Previous studies by our lab have shown that PB1-F2 contributes to the pathogenesis of the influenza A virus [20
]. When expression of PB1-F2 was knocked out of a moderately virulent virus in mice, there was a significant loss in pathogenicity, indicating that PB1-F2 plays an important role in virulence [20
]. In the present study, we show that a single aa change in PB1-F2 from highly virulent viruses increases pathogenicity in mice and modulates the immune response. It has been proposed that PB1-F2 causes apoptosis of immune cells, which may lead to decreased antigen presentation and a decrease in the adaptive immune response [17
]. Humans infected with highly pathogenic viruses consistently have decreased lymphocytes and impaired immune response to influenza virus infection [4
]. We wondered if these effects could be caused in part by PB1-F2. In this study, we provide evidence that PB1-F2 does contribute to the high pathogenicity phenotype and that the N66S mutation, also found in the 1918 H1N1 virus, contributes to virulence in highly pathogenic viruses.
After aligning the PB1-F2 sequences from H5N1 viruses that exhibited high- and low-pathogenicity phenotypes, a single aa change was found to correlate with high pathogenicity. The location of the N66S mutation also made it an excellent candidate for affecting the proapoptotic function of PB1-F2. Position 66 is in the α-helical structure of PB1-F2, in the mitochondrial targeting sequence. The location of aa 66 in the C-terminal mitochondrial targeting sequence of the protein could affect PB1-F2 interactions with ANT3 and VDAC1, potentially increasing the induction of apoptosis by PB1-F2 [19
Recombinant A/WSN/33 viruses were created to specifically examine the effects of the N66S mutation during viral infection. The recombinant virus WH has decreased pathogenesis in mice compared with that of A/WSN/33 (unpublished data), likely due to the mismatched polymerase genes, resulting in less efficient replication in the host. The N66S mutation within the PB1-F2 protein partially reversed this attenuating effect.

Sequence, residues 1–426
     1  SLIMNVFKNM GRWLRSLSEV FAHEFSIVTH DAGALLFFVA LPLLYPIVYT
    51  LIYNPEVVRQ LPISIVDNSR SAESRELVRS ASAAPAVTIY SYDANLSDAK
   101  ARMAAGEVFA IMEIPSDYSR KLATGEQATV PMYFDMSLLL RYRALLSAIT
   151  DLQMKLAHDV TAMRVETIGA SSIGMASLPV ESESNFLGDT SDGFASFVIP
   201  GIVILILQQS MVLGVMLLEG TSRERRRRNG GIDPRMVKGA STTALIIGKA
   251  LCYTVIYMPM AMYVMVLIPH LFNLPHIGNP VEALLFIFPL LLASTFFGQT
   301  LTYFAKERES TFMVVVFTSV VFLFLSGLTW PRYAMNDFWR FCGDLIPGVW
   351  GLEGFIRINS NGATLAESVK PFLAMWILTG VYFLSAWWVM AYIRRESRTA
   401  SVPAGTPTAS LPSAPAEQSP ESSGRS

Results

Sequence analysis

Within a natural setting, the presence of a “virulent” PB1-F2 may be important when influenza viruses cross species barriers or when new pandemic strains are generated by reassortment. In fact, the PB1
gene has been one of the segments found to reassort to create the pandemic strains of 1957 and 1968, potentially giving these viruses a more pathogenic PB1-F2 and thus a higher virulence [13
]. It is possible that the PB1-F2 protein could allow a newly reassorted virus to replicate in a new host efficiently enough to spread, and develop mutations to create a more efficient polymerase complex. In addition, influenza surveillance data shows that in recent history (1970 onward), H3N2 infections cause almost 14 times the number of influenza related deaths than H1N1 infections and are associated with a higher epidemic severity index (as measured by the rate of increase in pneumonia and influenza mortality) [31
]. Interestingly, recent H1N1 isolates contain a truncated PB1-F2, which possibly plays a role in their decreased virulence [19
]. The mutation we investigate here is not currently found in recent H5N1 isolates; however, it is possible for those viruses to acquire the mutation either through the error-prone RNA polymerase or through reassortment with a virus that contains the N66S mutation.
The observation that the WH N66S virus grew to higher titers in the lung and persisted at high titers for a longer time than the WH virus supports the role of PB1-F2 in allowing for increased replication. This may also explain the impairment of viral clearance in the mice infected with WH N66S. In addition, the 1918 wt virus showed higher lung titers and slower viral clearance when compared with the 1918 S66N virus. We suspect that the delay in viral clearance due to expression of PB1-F2 protein may allow for prolonged viral replication and development of irreversible pulmonary immunopathology, the findings observed with highly pathogenic influenza strains. CD8+
T cells are mainly responsible for viral clearance in the host, and it is possible that their function could be impaired by PB1-F2 [35
]. In support of this, we observed that the WH N66S and wt 1918 viruses caused a significant increase in IFN-γ and TNF-α cytokine production over the WH and 1918 S66N viruses, respectively. Whether this change in cytokine levels is through the direct action of PB1-F2 or through its impact on viral replication in the lung is difficult to determine. However, the cytokine dysregulation is of special interest because it has been associated with both H5N1 and 1918 H1N1 virus infections. In previous studies, cytokine dysregulation was associated with high virulence and death in animal models [29
]. Our study supports these findings and suggests that PB1-F2 could be one of the factors contributing to the cytokine dysregulation seen in H5N1 virus–infected patients and 1918 H1N1 virus–infected animals [4